“Generally speaking, four elements must be present in order to apply the doctrine of equitable estoppel: (1) the party to be estopped must be apprised of the facts; (2) he must intend that his conduct shall be acted upon, or must so act that the party asserting the estoppel had a right to believe it was so intended; (3) the other party must be ignorant of the true state of facts; and (4) he must rely upon the conduct to his injury.” (Driscoll v. City of Los Angeles (1967) 67 Cal.2d 297, 305 [61 Cal.Rptr. 661, 431 P.2d 245].) The family court found as a matter of fact that Mary was not prejudiced by any delay by Anand in asserting his rights. Substantial evidence supported the court’s finding. Moreover, a party’s reliance is required to be reasonable. (E.g., City of Long Beach v. Mansell (1970) 3 Cal.3d 462, 489 [91 Cal.Rptr. 23, 476 P.2d 423].) As we have concluded previously, if there had been reliance by Mary, it would have been unreasonable, as the husband’s was in Fellows, supra, 39 Cal.4th 179.Therefore, Mary has failed to establish the elements of equitable estoppel.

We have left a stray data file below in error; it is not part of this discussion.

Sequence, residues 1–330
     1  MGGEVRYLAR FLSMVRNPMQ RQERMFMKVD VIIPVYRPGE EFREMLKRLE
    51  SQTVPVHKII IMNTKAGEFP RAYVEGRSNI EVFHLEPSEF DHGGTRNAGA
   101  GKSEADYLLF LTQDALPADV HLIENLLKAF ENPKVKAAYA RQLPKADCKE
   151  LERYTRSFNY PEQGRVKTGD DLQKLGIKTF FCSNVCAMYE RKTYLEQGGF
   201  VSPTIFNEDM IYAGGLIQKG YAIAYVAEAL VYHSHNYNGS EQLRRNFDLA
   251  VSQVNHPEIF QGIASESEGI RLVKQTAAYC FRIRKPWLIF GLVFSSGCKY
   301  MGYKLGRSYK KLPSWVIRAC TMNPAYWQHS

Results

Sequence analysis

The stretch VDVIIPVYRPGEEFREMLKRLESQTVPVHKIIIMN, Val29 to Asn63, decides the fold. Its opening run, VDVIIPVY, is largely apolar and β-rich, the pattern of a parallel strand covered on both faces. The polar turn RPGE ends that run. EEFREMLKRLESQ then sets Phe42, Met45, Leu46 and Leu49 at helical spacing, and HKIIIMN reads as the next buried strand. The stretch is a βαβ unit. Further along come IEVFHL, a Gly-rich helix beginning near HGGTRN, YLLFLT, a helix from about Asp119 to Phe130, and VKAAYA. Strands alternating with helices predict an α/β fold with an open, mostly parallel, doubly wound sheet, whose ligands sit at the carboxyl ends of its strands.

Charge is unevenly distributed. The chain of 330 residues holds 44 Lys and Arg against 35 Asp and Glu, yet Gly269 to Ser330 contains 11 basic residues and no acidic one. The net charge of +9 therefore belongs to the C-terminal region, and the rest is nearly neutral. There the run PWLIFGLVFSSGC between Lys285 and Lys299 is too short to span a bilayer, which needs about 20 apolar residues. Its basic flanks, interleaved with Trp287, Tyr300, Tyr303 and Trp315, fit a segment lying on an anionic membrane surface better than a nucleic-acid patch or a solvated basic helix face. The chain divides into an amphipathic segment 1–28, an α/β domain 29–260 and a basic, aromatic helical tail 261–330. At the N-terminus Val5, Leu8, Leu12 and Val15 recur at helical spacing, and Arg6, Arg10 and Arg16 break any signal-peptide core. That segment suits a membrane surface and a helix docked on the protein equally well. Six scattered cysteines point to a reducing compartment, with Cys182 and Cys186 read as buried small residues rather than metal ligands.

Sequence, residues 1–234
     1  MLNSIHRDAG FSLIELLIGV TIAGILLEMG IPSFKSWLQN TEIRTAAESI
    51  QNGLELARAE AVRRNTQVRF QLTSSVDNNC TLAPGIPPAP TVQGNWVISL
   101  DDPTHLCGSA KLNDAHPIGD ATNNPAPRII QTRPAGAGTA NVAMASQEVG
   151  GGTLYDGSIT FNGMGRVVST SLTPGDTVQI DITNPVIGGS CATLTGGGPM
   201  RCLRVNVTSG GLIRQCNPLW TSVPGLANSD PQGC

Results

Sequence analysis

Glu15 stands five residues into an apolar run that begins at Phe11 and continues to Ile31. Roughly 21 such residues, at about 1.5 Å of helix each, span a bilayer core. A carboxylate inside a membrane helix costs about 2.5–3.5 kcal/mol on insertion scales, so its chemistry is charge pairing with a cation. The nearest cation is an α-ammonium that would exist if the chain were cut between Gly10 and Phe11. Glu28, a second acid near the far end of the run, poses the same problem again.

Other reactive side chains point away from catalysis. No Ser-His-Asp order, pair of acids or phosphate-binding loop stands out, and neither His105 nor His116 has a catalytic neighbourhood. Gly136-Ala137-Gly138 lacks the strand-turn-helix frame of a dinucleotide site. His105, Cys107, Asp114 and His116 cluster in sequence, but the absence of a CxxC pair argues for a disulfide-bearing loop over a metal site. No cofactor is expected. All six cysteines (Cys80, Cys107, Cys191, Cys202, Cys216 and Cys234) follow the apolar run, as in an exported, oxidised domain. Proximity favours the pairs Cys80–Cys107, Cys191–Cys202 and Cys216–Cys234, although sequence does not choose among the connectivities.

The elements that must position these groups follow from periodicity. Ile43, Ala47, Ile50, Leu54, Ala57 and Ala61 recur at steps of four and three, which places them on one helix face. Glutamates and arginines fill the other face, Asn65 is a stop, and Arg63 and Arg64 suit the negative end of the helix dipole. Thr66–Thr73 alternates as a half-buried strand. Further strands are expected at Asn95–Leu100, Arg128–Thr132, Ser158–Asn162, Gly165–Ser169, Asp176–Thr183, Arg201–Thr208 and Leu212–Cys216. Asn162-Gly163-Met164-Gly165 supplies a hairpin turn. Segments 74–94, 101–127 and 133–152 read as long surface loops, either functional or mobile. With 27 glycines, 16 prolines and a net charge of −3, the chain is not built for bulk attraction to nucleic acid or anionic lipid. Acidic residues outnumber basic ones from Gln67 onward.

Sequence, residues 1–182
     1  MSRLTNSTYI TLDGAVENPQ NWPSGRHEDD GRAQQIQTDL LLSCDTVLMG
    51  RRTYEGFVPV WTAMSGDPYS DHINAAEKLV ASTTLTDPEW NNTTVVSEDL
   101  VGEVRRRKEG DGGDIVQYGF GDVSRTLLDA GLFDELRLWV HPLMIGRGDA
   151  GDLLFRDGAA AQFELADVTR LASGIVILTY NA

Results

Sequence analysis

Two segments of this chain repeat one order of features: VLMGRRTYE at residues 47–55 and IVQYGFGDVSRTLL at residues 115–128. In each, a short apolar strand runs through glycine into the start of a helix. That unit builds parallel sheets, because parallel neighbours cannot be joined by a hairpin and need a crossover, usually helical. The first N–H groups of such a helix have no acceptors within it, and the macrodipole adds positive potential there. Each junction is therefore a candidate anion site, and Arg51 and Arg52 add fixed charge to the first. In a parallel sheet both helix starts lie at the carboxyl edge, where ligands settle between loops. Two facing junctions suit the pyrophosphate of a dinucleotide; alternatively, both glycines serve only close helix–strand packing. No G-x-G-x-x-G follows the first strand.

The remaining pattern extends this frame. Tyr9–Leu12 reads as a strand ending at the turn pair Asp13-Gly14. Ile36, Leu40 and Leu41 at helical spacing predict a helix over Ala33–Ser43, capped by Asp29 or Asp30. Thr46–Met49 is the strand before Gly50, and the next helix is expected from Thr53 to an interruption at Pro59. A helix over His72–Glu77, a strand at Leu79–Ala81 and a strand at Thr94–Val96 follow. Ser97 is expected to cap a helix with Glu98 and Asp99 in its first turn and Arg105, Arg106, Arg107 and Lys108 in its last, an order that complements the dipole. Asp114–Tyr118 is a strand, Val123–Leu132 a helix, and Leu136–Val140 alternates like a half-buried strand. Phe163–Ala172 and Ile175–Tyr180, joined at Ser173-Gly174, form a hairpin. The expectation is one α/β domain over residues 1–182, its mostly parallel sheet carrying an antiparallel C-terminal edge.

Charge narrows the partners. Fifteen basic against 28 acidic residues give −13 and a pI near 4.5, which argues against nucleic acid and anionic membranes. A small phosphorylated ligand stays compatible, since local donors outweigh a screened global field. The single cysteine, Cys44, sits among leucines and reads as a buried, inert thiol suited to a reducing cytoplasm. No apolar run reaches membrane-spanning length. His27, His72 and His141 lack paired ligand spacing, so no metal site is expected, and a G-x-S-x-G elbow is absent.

Mary also contends Anand is equitably estopped to assert the presumption of section 4325, as it would be “unconscionable” to allow him to do so. As our discussion of the state interest in enforcing section 4325 reveals, Anand is the party viewed by the state’s public policy as having been subjected to an unfair and unconscionable burden in paying support to an abusive spouse. The equities therefore do not favor Mary over Anand.

Nor does the fact that Anand was represented by counsel who failed to tell him about section 4325 diminish the equities favoring Anand.

Mary’s equitable estoppel argument is untenable.

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DISPOSITION

The family court’s August 29, 2012 order terminating Mary Kelkar’s spousal support effective September 1, 2012, is affirmed. Anand Kelkar is to recover his costs on appeal.

Rothschild, P. J., and Johnson, J., concurred.